Rejoining the tour
Li beat Mark Joyce in his opening match of the 2013/2014 season to reach the first round of the Wuxi Classic where he made three breaks over 50 to establish a 3–0 lead over world number three Judd Trump and went on to seal a 5–2 win, the best of his career so far. He was edged out 5–4 by compatriot Xiao Guodong in the following round. At the UK Championship, Li beat David Gilbert and Andrew Higginson both by 6–4 scorelines to face world number one Neil Robertson in the last 32. Li gave the Australian a competitive game but lost 6–3, with Robertson stating afterwards that Li was much better than his ranking suggested and that his safety play had particularly impressed him. Li also qualified for the German Masters and China Open but lost 5–3 to ranking event winners Barry Hawkins and Marco Fu. Li whitewashed former world champion Peter Ebdon at the Welsh Open, before being beaten 4–1 by Anthony Hamilton in the last 64. Li was ranked world number 85 at the end of the season.
Li won four matches at the Yixing Open, before losing 4–3 to Michael Holt in the quarter-finals. He defeated Nigel Bond, David Morris and Mark Joyce all by 5–2 scorelines to qualify for the Shanghai Masters, where he was beaten 5–3 by Stuart Bingham in the first round. At the International Championship, Li thrashed four-time world champion John Higgins 6–1 and Zhao Xintong also 6–1 to reach the last 16. A third 6–1 result followed, however it was Li's opponent Ronnie O'Sullivan who recorded it to end his tournament. Compatriot Liang Wenbo eliminated Li 5–1 in the first round of the German Masters. His second last 16 match in a ranking event came at the Indian Open thanks to wins over Allan Taylor and Stuart Carrington, but he lost 4–2 to Michael White. Following 10–1 and 10–7 victories over Chris Melling and Gary Wilson he stood one win away from qualifying for the World Championship for the first time. Li held 3–0 and 8–5 leads over Carrington but would ultimately lose 10–9. He ended a season inside the top 64 in the rankings for the first time as he was 55th.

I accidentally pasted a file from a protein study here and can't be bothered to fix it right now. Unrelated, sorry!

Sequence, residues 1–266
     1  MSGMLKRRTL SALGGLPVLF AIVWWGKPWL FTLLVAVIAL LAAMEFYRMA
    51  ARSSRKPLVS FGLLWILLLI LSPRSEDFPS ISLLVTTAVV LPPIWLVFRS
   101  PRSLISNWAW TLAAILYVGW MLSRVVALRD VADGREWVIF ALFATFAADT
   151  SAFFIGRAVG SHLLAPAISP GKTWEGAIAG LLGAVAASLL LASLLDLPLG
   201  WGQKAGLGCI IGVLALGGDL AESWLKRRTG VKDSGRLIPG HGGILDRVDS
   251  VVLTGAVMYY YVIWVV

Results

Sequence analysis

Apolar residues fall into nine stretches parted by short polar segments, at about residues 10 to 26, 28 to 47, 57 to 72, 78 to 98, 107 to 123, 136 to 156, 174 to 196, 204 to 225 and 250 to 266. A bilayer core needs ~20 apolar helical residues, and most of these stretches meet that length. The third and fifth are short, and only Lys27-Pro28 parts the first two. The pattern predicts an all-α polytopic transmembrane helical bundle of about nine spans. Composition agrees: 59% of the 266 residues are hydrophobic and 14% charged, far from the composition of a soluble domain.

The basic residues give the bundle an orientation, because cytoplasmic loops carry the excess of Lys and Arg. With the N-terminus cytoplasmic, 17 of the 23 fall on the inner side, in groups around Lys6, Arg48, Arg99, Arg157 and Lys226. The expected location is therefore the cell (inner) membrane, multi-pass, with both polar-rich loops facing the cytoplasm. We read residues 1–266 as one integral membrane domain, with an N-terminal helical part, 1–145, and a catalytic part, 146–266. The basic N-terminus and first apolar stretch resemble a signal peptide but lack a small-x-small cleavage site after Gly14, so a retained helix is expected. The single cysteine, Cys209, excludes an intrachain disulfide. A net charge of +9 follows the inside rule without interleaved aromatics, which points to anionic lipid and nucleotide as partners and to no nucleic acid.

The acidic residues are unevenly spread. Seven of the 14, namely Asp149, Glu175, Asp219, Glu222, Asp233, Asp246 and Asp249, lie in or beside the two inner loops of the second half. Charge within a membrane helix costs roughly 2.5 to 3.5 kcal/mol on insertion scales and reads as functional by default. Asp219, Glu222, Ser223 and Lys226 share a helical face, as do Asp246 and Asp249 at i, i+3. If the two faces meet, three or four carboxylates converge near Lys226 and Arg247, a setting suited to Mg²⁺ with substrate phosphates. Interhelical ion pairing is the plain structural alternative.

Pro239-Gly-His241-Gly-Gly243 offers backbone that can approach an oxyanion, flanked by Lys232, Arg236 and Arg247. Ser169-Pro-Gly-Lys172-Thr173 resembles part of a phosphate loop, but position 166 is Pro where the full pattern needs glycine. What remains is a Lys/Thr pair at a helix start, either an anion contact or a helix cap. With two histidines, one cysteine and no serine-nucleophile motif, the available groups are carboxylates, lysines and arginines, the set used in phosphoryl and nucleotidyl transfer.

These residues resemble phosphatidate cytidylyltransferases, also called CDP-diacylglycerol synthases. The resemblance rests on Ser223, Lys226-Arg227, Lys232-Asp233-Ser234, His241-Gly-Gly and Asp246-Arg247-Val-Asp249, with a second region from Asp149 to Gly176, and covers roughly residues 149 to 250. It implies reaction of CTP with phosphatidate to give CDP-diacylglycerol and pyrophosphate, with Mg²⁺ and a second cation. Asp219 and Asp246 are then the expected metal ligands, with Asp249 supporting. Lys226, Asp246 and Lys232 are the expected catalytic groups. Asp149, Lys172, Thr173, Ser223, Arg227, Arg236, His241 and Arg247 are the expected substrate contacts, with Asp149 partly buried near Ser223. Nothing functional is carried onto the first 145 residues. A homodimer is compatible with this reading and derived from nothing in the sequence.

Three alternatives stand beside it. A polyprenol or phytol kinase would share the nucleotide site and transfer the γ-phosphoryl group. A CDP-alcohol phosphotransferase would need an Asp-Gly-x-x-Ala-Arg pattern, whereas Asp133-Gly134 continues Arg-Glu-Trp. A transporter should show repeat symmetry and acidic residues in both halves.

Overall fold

Li lost in the qualifying rounds for the first three ranking events of the 2015/2016 season. A pair of 6–5 victories over Lee Walker and Ricky Walden saw him advance to the third round of the UK Championship, where he lost 6–3 to Jamie Burnett. Li was knocked out in the second round of the Welsh Open by Joe Perry and the only other ranking event he qualified for was the China Open, but he was beaten 5–3 by Walker in the first round.
Minor-ranking finals: 1 (1 runner-up)
Non-ranking finals: 3 (3 runners-up)
Amateur finals: 1 (1 runner-up)
- Li Hang at worldsnooker.com